Lassen Peak

August 6, 2006

No one called about this fascinating adventure until after I had already left.

A long drive for a short summit?? The drive took seven hours one way. . . the entire climb took me just 3.5 hours, up and down. . . The “climb” is only two Pisgahs (2000 feet), but it is high. . . starting at 8,490 feet (top of Mount Bailey) and ending at 10,453 feet (top of Jefferson). The trail is 2.5 miles to the top, so it is steeper. . . and rougher than Pisgah.

Well, from the parking lot, it LOOKS like more than Pisgah squared. Lassen Peak IS a volcano… a new volcano, formed about 11,000 years ago. The last eruptions were in May of 1915. They were the largest in the US in recorded history. . . until Mount St. Helens. So all this lava is new. . . and rough. . . After just a few steps the thin air is quite apparent!!! The trail reminds me of the final ridge on South Sister, only with a hundred switchbacks. Beside the peak are brilliant turquoise melt pools surrounded by red snow (bacteria). There are fascinating lava formations and informative signs all the way up and even an exposed snow field to cross. White bark pines thrive in protected places up to almost 10,000 feet. The summit crater is a bit smaller than South Sister. The 100 foot summit pinnacle is a class 3 scramble up talus and scree. The 360º views of Shasta and the High Sierras were partly obscured by a fire.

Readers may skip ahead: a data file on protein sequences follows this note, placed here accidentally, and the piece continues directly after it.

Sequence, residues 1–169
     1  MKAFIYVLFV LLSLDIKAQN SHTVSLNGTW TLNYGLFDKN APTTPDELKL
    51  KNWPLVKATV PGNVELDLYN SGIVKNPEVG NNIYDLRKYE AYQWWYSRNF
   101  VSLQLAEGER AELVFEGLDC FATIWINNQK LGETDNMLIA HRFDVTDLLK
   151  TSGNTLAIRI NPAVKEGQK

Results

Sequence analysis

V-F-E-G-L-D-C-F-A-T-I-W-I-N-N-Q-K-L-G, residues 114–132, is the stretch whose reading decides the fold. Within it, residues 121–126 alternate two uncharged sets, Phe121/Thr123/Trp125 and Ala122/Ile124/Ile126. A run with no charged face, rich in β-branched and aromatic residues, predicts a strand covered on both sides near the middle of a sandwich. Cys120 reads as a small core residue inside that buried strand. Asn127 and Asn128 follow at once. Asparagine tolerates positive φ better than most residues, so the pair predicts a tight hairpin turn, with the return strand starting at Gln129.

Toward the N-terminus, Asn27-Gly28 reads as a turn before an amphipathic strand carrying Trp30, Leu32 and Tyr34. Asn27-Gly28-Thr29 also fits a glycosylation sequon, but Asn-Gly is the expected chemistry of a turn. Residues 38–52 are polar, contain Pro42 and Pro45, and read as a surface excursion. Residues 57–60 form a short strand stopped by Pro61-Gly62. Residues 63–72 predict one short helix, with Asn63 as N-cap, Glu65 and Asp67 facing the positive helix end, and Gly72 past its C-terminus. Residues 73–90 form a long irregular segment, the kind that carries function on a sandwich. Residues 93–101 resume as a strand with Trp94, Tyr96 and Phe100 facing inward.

In all, a FUN and “easy” climb for a 10,000 foot Cascade volcano. I took a couple more days to explore the Park. . . a story a lot like Mount Mazama (Crater Lake). Making the climb was the leader, Jim Pierce, in amongst 300 other hikers. . . all ages, sizes, capabilities and nationalities. . .


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